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Promising low-cost method for rapid COVID detection

Promising low-cost method for rapid Covid detection

The current SARS-CoV-2 RNA detection methods recommended by the World Health Organization profoundly rely on the roles of biological enzymes. High cost, stringent transportation and storage conditions as well as the global supply shortages of enzymes, limit large-scaled testing. This means that most countries have to prioritize testing on vulnerable cases, which create delay in diagnostics and identification of positive cases, which again can hamper pandemic mitigation and suppression.

Quantitative reverse transcription-polymerase chain reaction (qRT-PCR) is still the gold standard for whole genome detection and has been playing a key role in controlling the COVID-19 pandemic. However, the sample-to-result takes several hours and the method necessitates a complex thermocycler instrument to raise and lower the temperature of the reaction in discrete steps.

Simpler and less expensive

Non-enzymatic isothermal amplification methods, being simpler and faster, have shown promising potentials to substitute the qRT-PCR. Although these methods perform very well when the target gene is short, they are yet to function efficiently for detection of whole genomes (long DNA or RNA targets).

During the COVID-19 pandemic, the euro area alone experienced a 3.8% drop in GDP within the first quarter of 2020 (Eurostat 2020). Thus, developing a lower-cost methodology for pathogen detection would be highly beneficial for both patients and the healthcare systems aiming to battle future pandemics.

Associate Professor Yi Sun and Postdoc researcher Mohsen Mohammadniaei at DTU Health Tech have invented a one-pot assay, which they have named NISDA (Non-enzymatic isothermal strand displacement and amplification assay). The assay is for rapid detection of SARS-CoV-2 RNA without the need for the RNA reverse transcription step of the qRT-PCR methodology. Being one-pot, enables a single step detection routine, i.e. the user only needs to add the sample into a single tube, place it in the instrument and wait for 30 minutes to obtain the result.

The assay works at constant temperature, requires no enzymes and is based on the toehold-mediated strand displacement (TMSD) approach. TMSD is an enzyme-free molecular tool from which one strand of DNA or RNA (output) is displaced by another strand (input) to form a more stable duplex structure.

High accuracy and sensitivity

The NISDA assay was able to detect a very low concentration of RNA (10 copies/µL) in only 30 minutes. In collaboration with Hvidovre Hospital and Bispebjerg Hospital, the research team could clinically validate the NISDA assay, representing 100 % specificity as well as 96.77% and 100% sensitivity when setting up in the laboratory and hospital, respectively.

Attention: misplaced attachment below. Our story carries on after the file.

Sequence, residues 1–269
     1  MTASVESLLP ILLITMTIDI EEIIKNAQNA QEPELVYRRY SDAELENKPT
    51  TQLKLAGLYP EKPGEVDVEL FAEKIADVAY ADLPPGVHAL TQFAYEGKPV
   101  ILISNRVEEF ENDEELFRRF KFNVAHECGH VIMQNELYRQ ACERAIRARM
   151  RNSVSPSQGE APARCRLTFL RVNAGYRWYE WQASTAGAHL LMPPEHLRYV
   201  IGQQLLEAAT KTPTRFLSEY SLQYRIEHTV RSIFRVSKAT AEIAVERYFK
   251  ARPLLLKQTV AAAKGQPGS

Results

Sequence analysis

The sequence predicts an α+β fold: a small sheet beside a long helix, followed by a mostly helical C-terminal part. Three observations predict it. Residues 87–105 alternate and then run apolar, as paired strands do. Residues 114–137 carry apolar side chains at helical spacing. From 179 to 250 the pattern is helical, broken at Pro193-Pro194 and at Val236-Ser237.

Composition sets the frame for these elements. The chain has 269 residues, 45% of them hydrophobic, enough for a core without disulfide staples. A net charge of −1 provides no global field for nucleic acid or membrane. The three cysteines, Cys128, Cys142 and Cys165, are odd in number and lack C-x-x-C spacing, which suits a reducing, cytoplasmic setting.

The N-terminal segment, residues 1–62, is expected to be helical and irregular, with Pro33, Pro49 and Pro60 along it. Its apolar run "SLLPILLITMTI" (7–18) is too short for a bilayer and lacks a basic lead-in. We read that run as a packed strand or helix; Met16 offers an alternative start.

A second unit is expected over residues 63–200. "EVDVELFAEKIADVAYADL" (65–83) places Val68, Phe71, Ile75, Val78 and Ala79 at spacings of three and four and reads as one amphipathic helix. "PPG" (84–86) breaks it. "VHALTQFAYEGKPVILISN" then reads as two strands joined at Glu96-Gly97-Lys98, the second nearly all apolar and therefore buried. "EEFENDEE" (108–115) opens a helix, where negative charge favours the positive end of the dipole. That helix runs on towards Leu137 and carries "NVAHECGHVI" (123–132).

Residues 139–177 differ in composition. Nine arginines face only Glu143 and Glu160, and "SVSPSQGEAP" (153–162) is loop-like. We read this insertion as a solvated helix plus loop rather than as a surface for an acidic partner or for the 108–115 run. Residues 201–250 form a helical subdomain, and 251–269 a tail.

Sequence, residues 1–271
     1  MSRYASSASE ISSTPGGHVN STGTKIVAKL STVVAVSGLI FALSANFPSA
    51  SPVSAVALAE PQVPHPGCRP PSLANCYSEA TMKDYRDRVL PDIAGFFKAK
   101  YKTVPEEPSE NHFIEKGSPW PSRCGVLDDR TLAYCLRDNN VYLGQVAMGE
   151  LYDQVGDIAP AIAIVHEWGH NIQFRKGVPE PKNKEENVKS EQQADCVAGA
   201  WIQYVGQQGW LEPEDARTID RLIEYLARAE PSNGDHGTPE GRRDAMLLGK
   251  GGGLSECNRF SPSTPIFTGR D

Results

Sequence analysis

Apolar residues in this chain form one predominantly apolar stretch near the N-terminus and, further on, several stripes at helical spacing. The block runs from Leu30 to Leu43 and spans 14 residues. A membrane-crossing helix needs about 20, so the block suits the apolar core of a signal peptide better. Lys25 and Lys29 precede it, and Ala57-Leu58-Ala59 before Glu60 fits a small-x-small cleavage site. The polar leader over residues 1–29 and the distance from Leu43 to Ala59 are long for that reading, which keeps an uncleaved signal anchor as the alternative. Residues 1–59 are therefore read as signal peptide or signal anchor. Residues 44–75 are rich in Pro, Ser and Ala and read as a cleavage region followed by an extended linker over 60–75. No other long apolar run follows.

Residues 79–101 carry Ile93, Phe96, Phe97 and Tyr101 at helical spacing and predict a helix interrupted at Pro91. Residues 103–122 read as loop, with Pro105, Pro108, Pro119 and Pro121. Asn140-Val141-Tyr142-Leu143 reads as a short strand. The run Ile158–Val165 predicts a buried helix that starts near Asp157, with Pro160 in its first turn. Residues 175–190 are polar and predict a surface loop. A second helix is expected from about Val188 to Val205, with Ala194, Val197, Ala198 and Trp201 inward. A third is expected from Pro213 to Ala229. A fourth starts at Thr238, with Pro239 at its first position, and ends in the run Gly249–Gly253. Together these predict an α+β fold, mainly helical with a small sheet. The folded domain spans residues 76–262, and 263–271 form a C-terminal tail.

Associate Professor Yi Sun elaborates, “We exploited the TMSD approach and designed three DNA probes. One probe exchanged the whole genome to a short DNA strand and the other two probes utilized the exchanged short DNA for triggering a fluorescence signal amplification cascade reaction. The beauty of NISDA assay is its simplicity. We removed the usage of enzymes to reduce the assay cost and enhance its robustness at room temperature.”

In the assay workflow, the extracted RNA from throat swab samples is added to the reaction mixture and incubated at 42 °C for 30 minutes. The next step is fluorescence measurement, and samples with significantly higher fluorescence signals than that of the control samples (negative) are considered positive.

Towards a multiple disease diagnostics tool

“Being directly involved in improving people’s health is the ultimate dream of a biomedical researcher and we believe that the NISDA assay has given us this wonderful chance to attain that ambition”, Postdoctoral Researcher Mohsen Mohammadniaei says.

“The next step is to further design the NISDA assay for detecting different pathogens and develop a point-of-care diagnostic device for multiple disease diagnostics. Another advantage of NISDA assay is its ability to be designed for short RNA targets such as cancer biomarker microRNA. We are currently exploring different schemes for the commercialization of the NISDA assay and we are certain that the NISDA assay will become widely-known in the near future”, Associate Professor Yi Sun finishes.

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